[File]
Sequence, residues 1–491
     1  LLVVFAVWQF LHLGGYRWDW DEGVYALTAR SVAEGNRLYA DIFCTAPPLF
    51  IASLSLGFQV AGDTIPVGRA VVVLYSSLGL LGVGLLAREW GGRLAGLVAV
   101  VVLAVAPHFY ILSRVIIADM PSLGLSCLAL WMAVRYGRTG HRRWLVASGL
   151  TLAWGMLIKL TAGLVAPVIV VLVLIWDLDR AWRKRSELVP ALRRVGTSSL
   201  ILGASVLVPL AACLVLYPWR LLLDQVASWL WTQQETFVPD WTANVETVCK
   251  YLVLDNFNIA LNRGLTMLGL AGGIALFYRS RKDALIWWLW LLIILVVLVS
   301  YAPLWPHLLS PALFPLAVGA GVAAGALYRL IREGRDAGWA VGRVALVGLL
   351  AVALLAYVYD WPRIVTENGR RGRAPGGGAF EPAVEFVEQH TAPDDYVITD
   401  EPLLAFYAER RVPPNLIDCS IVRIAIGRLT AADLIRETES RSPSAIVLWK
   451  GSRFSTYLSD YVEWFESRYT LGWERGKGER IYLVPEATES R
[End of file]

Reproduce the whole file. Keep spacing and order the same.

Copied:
Sequence, residues 1–491
     1  LLVVFAVWQF LHLGGYRWDW DEGVYALTAR SVAEGNRLYA DIFCTAPPLF
    51  IASLSLGFQV AGDTIPVGRA VVVLYSSLGL LGVGLLAREW GGRLAGLVAV
   101  VVLAVAPHFY ILSRVIIADM PSLGLSCLAL WMAVRYGRTG HRRWLVASGL
   151  TLAWGMLIKL TAGLVAPVIV VLVLIWDLDR AWRKRSELVP ALRRVGTSSL
   201  ILGASVLVPL AACLVLYPWR LLLDQVASWL WTQQETFVPD WTANVETVCK
   251  YLVLDNFNIA LNRGLTMLGL AGGIALFYRS RKDALIWWLW LLIILVVLVS
   301  YAPLWPHLLS PALFPLAVGA GVAAGALYRL IREGRDAGWA VGRVALVGLL
   351  AVALLAYVYD WPRIVTENGR RGRAPGGGAF EPAVEFVEQH TAPDDYVITD
   401  EPLLAFYAER RVPPNLIDCS IVRIAIGRLT AADLIRETES RSPSAIVLWK
   451  GSRFSTYLSD YVEWFESRYT LGWERGKGER IYLVPEATES R